I think the student-centered paper-review process I describe could work for students in an active-learning science class. The instructor would provide the problem and guidelines for actively addressing it. The students could work alone and post a draft, summarizing their methodology, results, and conclusions.

    The preliminary draft could include photos and charts, videos, audio, etc. Each student would post it in her/his personal blog.

    Classmates would log in and, using a rubric designed by the instructor, review the summary, suggesting ways to improve it.

    Using the peer feedback, the student revises the draft and posts the final draft in her blog.

    The instructor logs in to the blog and downloads the final and its peer comments, etc.

    Again, the report could be a video or other multimedia.

    During the composing phase or after the reports have been submitted, the instructor could refer the class to particular student drafts, using them as models for best practice.

    This web technology, blogs, is readily available for free. I ask my students to use Blogger instead of WordPress because the learning curve isn’t as steep.

    In this scheme, students will still need to interface with web-based or F2F science learning resources, equipment, and material.

    As a writing teacher, I can’t help but feel that extensive and complex writing tasks ought to be part of the learning in every field. It’s a way for students to “discover” what they know and don’t know, what they feel about critical issues, etc.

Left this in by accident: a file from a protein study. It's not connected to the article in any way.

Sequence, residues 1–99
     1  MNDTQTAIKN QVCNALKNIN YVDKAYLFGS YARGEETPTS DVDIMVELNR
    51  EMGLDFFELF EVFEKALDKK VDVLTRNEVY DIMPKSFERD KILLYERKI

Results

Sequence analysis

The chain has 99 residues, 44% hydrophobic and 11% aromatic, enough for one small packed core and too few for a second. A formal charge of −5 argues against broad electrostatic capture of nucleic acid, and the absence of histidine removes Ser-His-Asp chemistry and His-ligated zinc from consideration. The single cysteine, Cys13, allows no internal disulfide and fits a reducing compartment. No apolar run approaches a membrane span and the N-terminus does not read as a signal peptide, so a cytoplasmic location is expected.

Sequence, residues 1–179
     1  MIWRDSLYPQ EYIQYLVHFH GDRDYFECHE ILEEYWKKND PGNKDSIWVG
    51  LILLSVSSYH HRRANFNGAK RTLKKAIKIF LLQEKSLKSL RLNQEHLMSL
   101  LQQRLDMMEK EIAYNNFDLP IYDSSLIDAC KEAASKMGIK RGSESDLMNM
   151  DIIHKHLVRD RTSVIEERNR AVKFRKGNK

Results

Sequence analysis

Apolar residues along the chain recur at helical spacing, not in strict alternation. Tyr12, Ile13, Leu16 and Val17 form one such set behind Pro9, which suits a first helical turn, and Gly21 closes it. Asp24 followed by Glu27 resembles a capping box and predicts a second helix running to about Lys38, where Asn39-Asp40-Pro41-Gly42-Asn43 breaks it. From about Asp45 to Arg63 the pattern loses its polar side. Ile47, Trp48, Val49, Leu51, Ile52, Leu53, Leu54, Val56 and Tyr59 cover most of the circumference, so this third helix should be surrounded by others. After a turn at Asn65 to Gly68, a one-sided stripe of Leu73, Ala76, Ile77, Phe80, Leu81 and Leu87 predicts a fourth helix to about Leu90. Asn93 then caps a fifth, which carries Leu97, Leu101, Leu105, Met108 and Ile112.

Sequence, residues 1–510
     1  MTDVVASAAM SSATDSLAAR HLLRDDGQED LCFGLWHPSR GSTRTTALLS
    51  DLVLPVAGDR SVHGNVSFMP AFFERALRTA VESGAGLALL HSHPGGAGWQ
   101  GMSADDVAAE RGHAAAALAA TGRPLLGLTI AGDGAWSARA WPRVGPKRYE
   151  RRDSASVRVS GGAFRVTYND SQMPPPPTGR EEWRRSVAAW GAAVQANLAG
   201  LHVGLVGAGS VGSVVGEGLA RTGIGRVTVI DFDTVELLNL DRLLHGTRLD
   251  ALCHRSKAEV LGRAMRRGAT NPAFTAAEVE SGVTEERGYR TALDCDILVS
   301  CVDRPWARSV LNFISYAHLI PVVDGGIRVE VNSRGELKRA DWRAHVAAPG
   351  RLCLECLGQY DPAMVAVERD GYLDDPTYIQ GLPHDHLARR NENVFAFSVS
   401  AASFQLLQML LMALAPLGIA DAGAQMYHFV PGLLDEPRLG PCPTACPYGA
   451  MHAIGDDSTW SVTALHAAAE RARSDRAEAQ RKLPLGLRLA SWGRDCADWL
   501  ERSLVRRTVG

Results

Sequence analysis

-Jim S

  3. I’ll begin at the end. Learning science or learning about science should provide a great way for students to expand their writing and numerical abilities. Of course, the science instructor must be capable in those areas.

    I like your general approach and think that some science instructors must already use it. I hadn’t really thought of the student lab report as a “paper,” but that’s a terrific way to create more engagement. Having randomly selected students act as reviewers works very well, especially because it mirrors what happens in the real world. Everyone gains.

    It wouldn’t matter whether the experiments were conducted hands-on or virtually, except that virtual experiments must really capture real-world data and work best if the students use their own judgment and care to collect the data point by point. Data that comes from going out into the field are really great for this sort of learning experience. Even online courses can provide that experience so that the lab experiences aren’t all virtual.

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  5. Hi

    Wouldn’t you agree that any form of learning whether it be grammar, writing or oral is better face to face. However, when face to face is not possible or is not possible frequently, then the next tier i.e. online might come to the rescue?

    • I would not agree to any such blanket statement, even if mostly true.